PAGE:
Session Type: Poster Session A
Session Time: 8:30AM-10:30AM
Background/Purpose: Growing evidence from observational studies suggests that patients with rheumatoid arthritis (RA) are at increased risk for cognitive impairment and dementia. Longitudinal population-based studies assessing risk factors for Alzheimer’s Disease and related dementias (AD/ADRD) in RA are lacking. We aimed to assess risk factors for incident AD/ADRD in a population-based cohort of patients with incident RA.
Methods: This retrospective population-based cohort study included residents of a geographical area who were at least 18 years of age and met 1987 ACR criteria for RA between 1980 and 2014. All individuals were followed until death, migration, or 12/31/2019. Incident dementia was defined as two ICD-9/10 codes for AD/ADRD at least 30 days apart. Patients with AD/ADRD before RA incidence were excluded (n=12). Information on socio-demographics, RA disease characteristics, ever use of antirheumatic medications (i.e. conventional and/or biologic disease-modifying drugs; glucocorticoids), cardiovascular/cerebrovascular disease (CVD) risk factors, and comorbidities was available from medical records. The definition of any CVD included coronary heart disease (i.e., angina pectoris, coronary artery disease, myocardial infarction [MI], and coronary revascularization procedures), cerebral stroke and chronic heart failure. Cox proportional hazards models were used to examine the association between each of these risk factors and incident ADRD, adjusting for age, sex, and calendar year of RA incidence. Time-dependent covariates were used to represent factors that developed during follow-up.
Results: A total of 1,366 patients with RA (mean age 56 years, 69% females, 64% positive for rheumatoid factor and/or cyclic citrullinated peptide antibody) were included. During the median follow-up of 9.4 years, 107 patients (8%) developed AD/ADRD. Older age (hazard ratio [HR] per one year increase 1.15, 95% confidence interval [CI] 1.13-1.17), ever presence of large joint swelling (HR 2.2, 95%CI 1.2-3.9), diabetes mellitus (HR 1.6, 95%CI 1.02-2.5), any CVD (HR 2.4, 95%CI 1.5-4.0), and particularly stroke (HR 3.2, 95%CI 1.9-5.5) and heart failure (HR 1.8, 95%CI 1.1-3.0) were associated with increased risk of AD/ADRD. Use of low-dose aspirin (HR 2.3, 95%CI 1.4-3.8) was associated with increased risk for AD/ADRD, likely due to confounding by indication for CVD. Sex, race, education, smoking, obesity, extraarticular features of RA, antirheumatic medications, hypertension, dyslipidemia, or MI were not associated with risk of AD/ADRD among RA patients.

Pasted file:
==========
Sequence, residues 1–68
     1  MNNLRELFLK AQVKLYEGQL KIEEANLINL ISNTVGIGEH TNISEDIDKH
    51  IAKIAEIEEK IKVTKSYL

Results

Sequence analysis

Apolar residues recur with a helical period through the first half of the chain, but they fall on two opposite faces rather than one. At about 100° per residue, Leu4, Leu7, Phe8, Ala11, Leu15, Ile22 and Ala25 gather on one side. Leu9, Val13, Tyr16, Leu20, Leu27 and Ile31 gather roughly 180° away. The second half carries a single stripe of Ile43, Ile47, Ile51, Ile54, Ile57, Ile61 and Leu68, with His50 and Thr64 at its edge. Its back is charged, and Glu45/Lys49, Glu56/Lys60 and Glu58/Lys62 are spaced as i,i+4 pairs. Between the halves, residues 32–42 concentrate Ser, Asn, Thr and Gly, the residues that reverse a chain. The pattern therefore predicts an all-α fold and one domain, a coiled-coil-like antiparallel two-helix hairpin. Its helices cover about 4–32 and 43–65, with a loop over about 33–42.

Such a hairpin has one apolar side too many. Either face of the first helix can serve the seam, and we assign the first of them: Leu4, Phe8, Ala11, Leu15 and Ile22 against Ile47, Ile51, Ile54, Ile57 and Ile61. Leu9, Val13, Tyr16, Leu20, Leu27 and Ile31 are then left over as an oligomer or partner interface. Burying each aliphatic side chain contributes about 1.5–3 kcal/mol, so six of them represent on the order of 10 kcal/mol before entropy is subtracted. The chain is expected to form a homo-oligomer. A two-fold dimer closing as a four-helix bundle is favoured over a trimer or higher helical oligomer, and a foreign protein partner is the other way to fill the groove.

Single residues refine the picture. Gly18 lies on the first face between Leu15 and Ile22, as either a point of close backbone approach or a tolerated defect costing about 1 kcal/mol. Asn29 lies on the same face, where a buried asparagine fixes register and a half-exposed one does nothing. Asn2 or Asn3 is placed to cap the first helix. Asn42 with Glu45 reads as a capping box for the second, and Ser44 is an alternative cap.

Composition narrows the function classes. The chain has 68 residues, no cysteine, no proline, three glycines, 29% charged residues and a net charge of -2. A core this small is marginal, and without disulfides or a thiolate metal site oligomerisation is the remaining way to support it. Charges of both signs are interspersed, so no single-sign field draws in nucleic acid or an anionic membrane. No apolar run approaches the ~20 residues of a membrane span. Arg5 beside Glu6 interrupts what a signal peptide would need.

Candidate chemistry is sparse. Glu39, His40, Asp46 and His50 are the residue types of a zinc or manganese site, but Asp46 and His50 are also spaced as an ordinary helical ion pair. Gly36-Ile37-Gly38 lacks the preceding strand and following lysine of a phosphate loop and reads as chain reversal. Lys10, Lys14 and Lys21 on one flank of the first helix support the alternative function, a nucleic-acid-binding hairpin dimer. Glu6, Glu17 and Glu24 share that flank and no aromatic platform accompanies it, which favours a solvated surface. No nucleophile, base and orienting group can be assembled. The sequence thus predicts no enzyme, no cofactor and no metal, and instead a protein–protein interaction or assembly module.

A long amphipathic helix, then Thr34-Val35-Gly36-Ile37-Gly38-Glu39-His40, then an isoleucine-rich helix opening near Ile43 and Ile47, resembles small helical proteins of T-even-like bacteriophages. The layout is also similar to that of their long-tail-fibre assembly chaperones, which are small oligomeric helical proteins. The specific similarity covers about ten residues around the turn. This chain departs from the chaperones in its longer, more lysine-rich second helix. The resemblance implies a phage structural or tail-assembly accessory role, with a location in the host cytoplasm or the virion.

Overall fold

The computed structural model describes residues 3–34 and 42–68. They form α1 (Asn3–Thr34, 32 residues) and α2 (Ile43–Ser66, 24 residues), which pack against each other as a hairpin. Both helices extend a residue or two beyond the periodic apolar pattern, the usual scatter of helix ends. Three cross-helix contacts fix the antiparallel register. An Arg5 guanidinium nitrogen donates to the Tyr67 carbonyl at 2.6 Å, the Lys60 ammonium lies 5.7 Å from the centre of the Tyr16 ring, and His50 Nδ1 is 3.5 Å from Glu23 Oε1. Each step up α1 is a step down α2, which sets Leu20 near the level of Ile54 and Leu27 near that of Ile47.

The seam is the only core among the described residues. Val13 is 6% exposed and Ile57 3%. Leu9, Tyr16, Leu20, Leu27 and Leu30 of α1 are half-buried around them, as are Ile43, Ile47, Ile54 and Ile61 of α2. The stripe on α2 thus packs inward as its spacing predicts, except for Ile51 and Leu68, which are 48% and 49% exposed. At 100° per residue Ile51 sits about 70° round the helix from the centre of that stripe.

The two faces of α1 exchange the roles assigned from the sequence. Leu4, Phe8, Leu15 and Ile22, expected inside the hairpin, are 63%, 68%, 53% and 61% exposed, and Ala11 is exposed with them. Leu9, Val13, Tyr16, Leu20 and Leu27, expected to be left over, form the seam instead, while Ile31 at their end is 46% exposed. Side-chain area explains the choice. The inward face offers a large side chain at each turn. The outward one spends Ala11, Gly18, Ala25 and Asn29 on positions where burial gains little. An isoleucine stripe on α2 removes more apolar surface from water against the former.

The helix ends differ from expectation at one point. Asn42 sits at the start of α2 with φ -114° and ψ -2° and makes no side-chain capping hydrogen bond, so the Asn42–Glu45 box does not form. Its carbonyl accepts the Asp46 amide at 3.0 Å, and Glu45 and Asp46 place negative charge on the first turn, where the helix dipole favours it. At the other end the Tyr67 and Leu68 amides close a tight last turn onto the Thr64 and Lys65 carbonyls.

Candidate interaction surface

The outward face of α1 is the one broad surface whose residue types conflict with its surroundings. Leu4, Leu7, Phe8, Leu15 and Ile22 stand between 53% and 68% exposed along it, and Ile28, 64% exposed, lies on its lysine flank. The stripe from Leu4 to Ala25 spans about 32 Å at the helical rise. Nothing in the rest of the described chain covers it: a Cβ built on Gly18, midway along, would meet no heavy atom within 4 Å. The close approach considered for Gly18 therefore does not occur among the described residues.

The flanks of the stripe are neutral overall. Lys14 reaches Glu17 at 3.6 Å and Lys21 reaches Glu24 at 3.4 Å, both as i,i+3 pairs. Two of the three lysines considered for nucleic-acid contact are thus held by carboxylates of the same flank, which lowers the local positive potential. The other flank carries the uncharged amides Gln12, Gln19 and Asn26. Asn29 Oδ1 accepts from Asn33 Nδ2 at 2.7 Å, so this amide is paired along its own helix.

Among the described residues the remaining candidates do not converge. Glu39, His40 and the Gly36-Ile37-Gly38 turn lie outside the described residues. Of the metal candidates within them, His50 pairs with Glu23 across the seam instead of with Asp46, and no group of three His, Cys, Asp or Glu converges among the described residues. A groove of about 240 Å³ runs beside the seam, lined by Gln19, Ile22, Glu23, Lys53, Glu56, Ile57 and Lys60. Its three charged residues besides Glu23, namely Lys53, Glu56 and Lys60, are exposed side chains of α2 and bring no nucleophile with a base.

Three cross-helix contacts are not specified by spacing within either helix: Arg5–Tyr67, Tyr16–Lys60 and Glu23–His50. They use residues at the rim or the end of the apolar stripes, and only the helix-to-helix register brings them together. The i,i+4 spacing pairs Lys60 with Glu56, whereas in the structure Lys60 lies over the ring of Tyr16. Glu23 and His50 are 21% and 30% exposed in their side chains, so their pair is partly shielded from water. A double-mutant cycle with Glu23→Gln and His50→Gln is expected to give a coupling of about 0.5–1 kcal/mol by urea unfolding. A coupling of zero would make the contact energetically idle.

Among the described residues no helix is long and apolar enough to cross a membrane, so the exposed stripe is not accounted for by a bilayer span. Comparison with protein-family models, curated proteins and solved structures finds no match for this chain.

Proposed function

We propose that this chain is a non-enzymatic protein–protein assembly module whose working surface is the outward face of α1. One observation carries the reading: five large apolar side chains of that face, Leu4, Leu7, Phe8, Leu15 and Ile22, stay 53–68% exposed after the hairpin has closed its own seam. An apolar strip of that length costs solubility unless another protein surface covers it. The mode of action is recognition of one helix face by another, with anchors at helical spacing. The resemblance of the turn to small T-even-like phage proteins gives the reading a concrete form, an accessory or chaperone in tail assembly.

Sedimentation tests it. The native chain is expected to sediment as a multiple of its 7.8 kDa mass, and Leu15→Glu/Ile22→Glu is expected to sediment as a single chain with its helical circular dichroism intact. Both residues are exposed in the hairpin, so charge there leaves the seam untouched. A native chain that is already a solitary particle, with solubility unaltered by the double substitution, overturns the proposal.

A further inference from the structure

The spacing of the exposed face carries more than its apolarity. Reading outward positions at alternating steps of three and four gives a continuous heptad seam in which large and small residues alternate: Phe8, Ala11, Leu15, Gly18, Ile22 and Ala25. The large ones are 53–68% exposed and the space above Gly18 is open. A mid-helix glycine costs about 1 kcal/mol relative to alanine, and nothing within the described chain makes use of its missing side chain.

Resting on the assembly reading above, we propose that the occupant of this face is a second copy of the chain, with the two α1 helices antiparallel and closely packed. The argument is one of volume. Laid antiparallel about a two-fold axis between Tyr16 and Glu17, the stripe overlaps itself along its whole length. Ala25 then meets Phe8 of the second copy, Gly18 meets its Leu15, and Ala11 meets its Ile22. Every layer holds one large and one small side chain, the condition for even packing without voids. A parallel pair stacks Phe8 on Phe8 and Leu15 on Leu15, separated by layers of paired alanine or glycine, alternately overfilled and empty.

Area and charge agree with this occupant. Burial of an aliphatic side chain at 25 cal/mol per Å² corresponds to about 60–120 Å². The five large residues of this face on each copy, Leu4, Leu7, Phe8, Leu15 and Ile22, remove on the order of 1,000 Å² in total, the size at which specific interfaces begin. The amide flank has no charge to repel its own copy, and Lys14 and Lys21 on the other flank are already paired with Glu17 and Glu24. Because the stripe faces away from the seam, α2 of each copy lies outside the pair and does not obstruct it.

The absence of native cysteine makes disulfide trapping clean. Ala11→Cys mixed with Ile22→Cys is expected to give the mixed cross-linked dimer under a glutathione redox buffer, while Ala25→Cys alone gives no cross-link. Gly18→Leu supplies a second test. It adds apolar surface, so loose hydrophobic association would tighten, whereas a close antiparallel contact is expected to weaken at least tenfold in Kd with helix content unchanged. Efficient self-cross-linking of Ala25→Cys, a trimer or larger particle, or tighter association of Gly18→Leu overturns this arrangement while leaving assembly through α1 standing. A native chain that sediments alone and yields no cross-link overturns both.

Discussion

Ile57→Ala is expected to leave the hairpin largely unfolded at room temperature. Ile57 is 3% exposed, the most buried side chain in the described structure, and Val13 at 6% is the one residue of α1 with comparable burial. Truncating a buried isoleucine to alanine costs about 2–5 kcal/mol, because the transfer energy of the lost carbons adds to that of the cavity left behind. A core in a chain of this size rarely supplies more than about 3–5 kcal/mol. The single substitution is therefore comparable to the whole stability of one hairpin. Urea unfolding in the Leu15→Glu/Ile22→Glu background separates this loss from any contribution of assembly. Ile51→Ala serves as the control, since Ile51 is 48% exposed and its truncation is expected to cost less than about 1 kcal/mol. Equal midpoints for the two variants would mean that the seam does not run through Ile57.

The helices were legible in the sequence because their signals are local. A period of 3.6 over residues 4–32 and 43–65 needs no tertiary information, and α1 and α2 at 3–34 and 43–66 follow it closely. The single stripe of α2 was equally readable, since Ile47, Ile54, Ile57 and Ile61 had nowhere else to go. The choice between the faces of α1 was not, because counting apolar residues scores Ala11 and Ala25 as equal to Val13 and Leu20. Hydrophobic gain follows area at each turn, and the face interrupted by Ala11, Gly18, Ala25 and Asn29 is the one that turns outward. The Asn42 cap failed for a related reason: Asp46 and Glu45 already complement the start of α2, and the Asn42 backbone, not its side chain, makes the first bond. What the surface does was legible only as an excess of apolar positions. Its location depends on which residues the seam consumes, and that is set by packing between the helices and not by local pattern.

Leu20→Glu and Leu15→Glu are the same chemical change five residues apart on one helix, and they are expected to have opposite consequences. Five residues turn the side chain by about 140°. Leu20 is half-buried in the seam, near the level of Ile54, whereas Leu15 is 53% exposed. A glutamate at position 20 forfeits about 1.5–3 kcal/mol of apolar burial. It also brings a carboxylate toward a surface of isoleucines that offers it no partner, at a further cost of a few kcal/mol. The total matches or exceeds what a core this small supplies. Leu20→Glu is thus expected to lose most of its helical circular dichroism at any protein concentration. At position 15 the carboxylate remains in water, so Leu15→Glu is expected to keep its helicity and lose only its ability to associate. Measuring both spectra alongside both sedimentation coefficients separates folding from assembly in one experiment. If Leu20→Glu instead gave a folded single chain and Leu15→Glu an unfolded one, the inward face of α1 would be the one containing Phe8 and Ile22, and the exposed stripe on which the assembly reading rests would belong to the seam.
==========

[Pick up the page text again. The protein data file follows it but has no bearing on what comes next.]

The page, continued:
Conclusion: Apart from age, a universally recognized risk factor for AD/ADRD, clinically active RA manifesting with large joint swelling and the presence of CVD and diabetes mellitus were associated with elevated risk of AD/ADRD among RA patients. Among CVD conditions, cerebral stroke and chronic heart failure were associated with the risk of ADRD. These findings suggest that in addition to aging, the risk of AD/ADRD in RA may be driven by RA disease-related factors while CVD may be partially mediating these associations. Studies are ongoing to further evaluate the role of systemic inflammation and CVD in AD/ADRD overall and by dementia subtype in patients with RA.
To cite this abstract in AMA style:Myasoedova E, Mielke M, Hulshizer C, Davis J, Ramanan V, Vassilaki M, Crowson C. Risk Factors for Dementia in Patients with Incident Rheumatoid Arthritis: A Population-based Cohort Study [abstract]. Arthritis Rheumatol. 2021; 73 (suppl 9). https://acrabstracts.org/abstract/risk-factors-for-dementia-in-patients-with-incident-rheumatoid-arthritis-a-population-based-cohort-study/. Accessed February 4, 2023.
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ACR Meeting Abstracts - https://acrabstracts.org/abstract/risk-factors-for-dementia-in-patients-with-incident-rheumatoid-arthritis-a-population-based-cohort-study/